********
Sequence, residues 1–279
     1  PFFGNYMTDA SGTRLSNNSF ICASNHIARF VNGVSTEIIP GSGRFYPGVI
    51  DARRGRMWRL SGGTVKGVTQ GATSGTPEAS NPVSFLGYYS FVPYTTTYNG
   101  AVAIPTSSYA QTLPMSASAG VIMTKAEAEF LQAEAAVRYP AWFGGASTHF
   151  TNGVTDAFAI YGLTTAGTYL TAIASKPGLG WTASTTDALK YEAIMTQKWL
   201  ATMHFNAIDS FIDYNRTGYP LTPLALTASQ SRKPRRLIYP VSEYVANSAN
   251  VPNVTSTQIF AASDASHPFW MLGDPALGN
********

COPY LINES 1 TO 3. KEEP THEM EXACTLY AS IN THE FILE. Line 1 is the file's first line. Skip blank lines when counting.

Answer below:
Sequence, residues 1–279
     1  PFFGNYMTDA SGTRLSNNSF ICASNHIARF VNGVSTEIIP GSGRFYPGVI
    51  DARRGRMWRL SGGTVKGVTQ GATSGTPEAS NPVSFLGYYS FVPYTTTYNG